La Vieja: A Journal of Fire Paperback by Deena Metzger
Published February 17, 2022 | 282 pages
Deena Metzger’s fascinating new novel, La Vieja, is a love story within a love story within a love story. There is a young couple who fall in love, yes. There is an old woman in love with the Earth. There is a bear who dares to love humans as bears might love other bears. Each inhabits their own geography as well as their own strand of ‘now’. At times they intersect. They interact and sometimes overlap. And they all live outside, as in out-of-doors or nearly so, as well as outside of societal norms. They inhabit intersecting realms of choice and possibility. Because of this, we, the readers, are liberated from the confines of conventional narrative. We are free to make our own journey in and among the layers of the story in order to find our way through the dilemmas of our time. It is the first step in doing what Metzger and La Vieja require of us: to take on the essential questions of planetary survival at this time and to participate in Earth’s repair by tending to the disconnections within and among ourselves.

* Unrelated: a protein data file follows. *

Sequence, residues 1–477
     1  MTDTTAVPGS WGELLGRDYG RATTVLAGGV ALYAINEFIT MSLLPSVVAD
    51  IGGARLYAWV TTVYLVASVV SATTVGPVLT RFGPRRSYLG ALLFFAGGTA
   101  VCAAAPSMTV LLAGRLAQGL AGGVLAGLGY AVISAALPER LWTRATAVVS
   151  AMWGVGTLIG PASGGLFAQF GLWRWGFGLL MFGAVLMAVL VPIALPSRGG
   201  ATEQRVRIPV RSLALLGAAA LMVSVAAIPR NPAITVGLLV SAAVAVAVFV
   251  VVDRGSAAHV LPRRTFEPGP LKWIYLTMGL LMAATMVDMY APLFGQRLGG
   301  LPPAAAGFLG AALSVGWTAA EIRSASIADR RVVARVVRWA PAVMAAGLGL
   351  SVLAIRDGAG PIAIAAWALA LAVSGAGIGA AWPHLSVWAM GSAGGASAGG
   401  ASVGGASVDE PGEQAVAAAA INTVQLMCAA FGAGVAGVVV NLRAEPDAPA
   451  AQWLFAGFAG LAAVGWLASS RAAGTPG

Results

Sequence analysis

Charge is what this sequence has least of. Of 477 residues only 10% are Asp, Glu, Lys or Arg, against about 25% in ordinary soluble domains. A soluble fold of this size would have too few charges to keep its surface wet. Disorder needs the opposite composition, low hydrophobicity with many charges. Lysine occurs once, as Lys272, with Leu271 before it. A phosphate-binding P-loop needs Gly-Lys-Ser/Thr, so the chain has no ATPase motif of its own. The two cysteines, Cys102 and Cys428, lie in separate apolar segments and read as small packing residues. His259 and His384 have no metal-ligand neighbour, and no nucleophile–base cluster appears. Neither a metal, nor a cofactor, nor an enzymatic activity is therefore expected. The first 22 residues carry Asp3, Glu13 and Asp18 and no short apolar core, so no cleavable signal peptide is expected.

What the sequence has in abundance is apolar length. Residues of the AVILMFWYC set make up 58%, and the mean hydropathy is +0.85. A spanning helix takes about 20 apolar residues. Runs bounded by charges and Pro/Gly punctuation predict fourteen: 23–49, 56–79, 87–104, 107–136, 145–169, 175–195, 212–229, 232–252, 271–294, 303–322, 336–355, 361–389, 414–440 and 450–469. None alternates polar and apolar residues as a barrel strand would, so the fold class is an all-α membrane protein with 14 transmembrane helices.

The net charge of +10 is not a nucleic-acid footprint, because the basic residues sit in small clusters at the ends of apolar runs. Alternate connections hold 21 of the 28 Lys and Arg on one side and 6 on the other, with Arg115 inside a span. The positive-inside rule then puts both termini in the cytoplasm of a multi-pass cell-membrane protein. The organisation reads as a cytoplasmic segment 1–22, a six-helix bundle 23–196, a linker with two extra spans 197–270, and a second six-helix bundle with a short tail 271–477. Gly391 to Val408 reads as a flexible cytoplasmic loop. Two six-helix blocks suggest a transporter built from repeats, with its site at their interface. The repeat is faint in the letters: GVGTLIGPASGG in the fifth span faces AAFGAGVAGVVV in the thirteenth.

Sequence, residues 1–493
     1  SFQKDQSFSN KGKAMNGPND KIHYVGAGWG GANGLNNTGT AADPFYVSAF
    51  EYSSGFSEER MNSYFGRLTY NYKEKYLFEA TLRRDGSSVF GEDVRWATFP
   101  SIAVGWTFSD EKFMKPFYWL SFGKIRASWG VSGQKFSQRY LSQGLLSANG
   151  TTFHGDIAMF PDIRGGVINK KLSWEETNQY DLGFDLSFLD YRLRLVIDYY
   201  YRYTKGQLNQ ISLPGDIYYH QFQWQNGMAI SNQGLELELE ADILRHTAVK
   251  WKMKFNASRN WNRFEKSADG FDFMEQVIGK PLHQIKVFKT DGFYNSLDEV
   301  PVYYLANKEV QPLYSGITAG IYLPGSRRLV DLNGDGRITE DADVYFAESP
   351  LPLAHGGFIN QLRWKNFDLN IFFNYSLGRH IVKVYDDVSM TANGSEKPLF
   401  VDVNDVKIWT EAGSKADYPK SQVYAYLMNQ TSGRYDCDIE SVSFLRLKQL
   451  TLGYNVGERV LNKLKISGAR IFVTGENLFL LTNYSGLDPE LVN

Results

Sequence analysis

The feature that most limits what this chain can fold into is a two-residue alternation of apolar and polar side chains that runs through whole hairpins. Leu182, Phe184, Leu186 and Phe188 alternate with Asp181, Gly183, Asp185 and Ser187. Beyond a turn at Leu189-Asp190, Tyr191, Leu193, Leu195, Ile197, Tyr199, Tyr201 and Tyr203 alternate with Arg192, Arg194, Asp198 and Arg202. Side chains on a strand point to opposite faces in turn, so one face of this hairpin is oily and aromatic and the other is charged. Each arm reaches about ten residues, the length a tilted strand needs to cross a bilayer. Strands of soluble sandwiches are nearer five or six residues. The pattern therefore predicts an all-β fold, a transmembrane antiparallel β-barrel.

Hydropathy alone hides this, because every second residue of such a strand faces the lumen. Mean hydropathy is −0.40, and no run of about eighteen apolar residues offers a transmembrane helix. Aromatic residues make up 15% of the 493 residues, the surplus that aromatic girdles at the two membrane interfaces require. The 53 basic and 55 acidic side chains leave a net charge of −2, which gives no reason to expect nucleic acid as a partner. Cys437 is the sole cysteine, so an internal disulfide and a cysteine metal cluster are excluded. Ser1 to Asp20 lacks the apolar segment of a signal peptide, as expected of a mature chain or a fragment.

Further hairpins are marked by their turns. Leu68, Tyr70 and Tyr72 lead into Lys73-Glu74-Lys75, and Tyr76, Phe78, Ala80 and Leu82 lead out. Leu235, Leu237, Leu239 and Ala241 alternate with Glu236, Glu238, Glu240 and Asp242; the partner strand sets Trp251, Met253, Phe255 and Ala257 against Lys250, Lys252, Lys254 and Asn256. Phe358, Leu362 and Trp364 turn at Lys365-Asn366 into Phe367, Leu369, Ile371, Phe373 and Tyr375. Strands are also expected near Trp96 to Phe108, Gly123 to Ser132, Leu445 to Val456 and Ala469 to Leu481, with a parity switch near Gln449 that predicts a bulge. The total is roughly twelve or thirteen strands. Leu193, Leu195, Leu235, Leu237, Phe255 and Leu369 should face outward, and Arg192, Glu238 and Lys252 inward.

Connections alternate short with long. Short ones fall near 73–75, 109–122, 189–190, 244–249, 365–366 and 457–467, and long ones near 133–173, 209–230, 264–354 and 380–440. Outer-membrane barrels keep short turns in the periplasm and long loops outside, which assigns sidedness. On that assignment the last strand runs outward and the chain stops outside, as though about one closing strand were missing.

Page one reminds us, When you are on a battlefield or a mass grave, you know. Exactly so. Earth Herself has become a battlefield and a mass grave. Our bodies know this, even if our minds resist. We long for the restoration of a world in which all life thrives. Metzger reminds us that longing is a holy path. Something in us recognizes this truth. We cradle the shards of this broken world in our hands empty of answers, except for the whisper that tells us that Tikkun Olam requires that we live our lives in devotion to repair. This is what author Lewis Hyde calls ‘the labor of gratitude’. In order to fulfill this obligation, we must see with fresh eyes, and love with a clear heart. Each of us must walk our own holy path of longing. Our task is to learn how to discover it, and, as La Vieja admonishes, to let it discover us. This is why we need stories like those that comprise La Vieja: stories that teach, enliven, accompany, and reveal through the ways they intertwine. Gorgeous language lifts us up: It was a few hours before the solstice itself, which would be at 3:30 a.m. but there would be little difference in light so far north except the sun that had slid behind the mountains was appearing through a wide pass in the rocky scimitar of land reaching to the sea when dark clouds stampeded the small slit causing night to slam down.